I do know one thing you're far better at pissing in the wind trying to label people than making an argument.

I will say that we have higher tax rates, less personal liberty, and more regulation than we did in the New Deal era. Sounds like whatever those "conservatives" were basing their reasoning on was fairly sound...
gwargh
3 / 5 (4) Oct 18, 2010
I will say that we have higher tax rates, less personal liberty, and more regulation than we did in the New Deal era. Sounds like whatever those "conservatives" were basing their reasoning on was fairly sound...

Top marginal tax rate during New Deal era: 65%, now: 35%
Modernmystic
1.8 / 5 (5) Oct 18, 2010
I will say that we have higher tax rates, less personal liberty, and more regulation than we did in the New Deal era. Sounds like whatever those "conservatives" were basing their reasoning on was fairly sound...

Top marginal tax rate during New Deal era: 65%, now: 35%


The first bracket was 4%, we're now at 10%, but we have a lot more brackets. And that's just income tax, we have a LOT more other direct and indirect taxes now than we did then...

Way to cherry pick though dingbat.
Skeptic_Heretic
3.4 / 5 (5) Oct 18, 2010
I will say that we have higher tax rates
Incorrect
less personal liberty
Incorrect
and more regulation than we did in the New Deal era
Depends on which industry.
Sounds like whatever those "conservatives" were basing their reasoning on was fairly sound...
Which would be why you fiscal conservatives disagree with it so much today....
Skeptic_Heretic
3.7 / 5 (6) Oct 18, 2010
How about the "entitlement" of owning a home without having to proove credit worthiness, that caused the current bad economy,..
How about the deregulation of the banks allowing for mortgage tradeoffs where the value was continually increased even though the same valueless asset hadn't changed in nature while being brokered between the two banking entites multiple times?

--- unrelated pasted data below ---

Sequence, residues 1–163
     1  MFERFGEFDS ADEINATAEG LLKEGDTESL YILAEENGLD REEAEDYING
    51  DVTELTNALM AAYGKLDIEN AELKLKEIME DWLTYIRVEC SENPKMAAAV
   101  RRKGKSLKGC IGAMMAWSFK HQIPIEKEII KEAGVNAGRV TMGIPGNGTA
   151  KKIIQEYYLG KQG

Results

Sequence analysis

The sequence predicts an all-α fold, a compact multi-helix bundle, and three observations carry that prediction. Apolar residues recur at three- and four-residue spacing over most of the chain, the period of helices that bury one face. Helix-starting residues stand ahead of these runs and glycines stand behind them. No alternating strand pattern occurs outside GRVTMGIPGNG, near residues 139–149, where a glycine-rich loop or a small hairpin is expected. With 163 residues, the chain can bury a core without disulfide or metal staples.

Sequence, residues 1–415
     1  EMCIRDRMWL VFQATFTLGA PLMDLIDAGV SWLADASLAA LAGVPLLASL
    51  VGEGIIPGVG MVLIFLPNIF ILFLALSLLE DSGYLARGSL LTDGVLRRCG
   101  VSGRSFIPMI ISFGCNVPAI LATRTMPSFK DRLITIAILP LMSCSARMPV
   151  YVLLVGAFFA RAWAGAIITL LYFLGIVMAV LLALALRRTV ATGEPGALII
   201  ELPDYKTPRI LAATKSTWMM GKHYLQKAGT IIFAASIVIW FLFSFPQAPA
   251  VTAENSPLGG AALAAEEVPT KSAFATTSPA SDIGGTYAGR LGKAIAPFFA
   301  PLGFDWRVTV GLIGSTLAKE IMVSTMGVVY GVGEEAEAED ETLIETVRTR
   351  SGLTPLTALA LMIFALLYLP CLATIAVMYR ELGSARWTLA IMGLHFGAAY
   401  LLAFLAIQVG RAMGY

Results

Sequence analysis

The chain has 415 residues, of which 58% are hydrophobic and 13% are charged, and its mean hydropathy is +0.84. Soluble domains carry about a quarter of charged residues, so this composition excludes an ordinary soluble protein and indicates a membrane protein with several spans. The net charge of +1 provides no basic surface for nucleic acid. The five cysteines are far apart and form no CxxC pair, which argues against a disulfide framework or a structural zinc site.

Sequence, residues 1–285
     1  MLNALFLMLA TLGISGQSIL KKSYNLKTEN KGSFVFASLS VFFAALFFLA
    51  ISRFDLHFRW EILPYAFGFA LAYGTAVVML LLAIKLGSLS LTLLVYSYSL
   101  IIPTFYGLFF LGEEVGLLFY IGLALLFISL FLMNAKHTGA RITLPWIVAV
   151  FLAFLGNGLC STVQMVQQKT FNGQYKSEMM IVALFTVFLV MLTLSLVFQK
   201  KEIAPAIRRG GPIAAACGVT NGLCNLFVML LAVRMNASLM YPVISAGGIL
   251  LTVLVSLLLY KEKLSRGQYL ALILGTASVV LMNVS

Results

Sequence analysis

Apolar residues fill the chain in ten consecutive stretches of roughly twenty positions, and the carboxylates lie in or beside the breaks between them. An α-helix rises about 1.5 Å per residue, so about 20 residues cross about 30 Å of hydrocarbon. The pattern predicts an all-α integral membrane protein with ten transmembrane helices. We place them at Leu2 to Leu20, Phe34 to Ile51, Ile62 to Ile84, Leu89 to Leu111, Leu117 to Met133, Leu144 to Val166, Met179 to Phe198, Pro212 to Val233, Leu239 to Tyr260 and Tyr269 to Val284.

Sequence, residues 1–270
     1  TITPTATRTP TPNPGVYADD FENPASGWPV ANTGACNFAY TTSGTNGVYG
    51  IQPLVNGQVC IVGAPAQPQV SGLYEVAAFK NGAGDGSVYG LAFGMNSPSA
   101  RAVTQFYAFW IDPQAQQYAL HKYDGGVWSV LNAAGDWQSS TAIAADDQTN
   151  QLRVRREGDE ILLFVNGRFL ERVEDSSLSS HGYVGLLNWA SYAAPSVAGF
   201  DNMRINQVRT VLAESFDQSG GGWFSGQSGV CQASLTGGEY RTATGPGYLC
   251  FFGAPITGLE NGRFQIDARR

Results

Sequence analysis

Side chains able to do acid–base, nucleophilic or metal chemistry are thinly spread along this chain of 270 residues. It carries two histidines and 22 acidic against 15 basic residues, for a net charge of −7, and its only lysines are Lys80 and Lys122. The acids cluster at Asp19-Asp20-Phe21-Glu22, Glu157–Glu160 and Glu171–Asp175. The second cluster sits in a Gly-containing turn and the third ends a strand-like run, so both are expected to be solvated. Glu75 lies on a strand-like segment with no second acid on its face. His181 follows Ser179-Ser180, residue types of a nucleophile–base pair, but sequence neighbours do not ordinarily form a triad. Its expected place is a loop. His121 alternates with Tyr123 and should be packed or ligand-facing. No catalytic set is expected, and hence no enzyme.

Bank A writes a crappy loan for 500k sells it to bank B for 510k. Bank B holds it for a month then sells it to Bank A for 520k, Bank A holds it for a month and sells it to bank B for 530k. Multiply by 10 million homes, 400 banking groups, and you have the cause for the bubble and its subsequent burst all without demonizing a population that was enticed into getting an unaffordable loan in the first place.

The banks get together and say to the US, "hey, if you don't give us 700 Billion, you're all screwed." So we buy the loans to prevent ourselves from being screwed, then the banks foreclose. Good game.
Modernmystic
1.7 / 5 (6) Oct 18, 2010
I will say that we have higher tax rates
Incorrect


Incorrect.

less personal liberty
Incorrect


Incorrect.

and more regulation than we did in the New Deal era
Depends on which industry.


There may be a few you could name...one or two, but basically no it doesn't.

See how fun that is :-)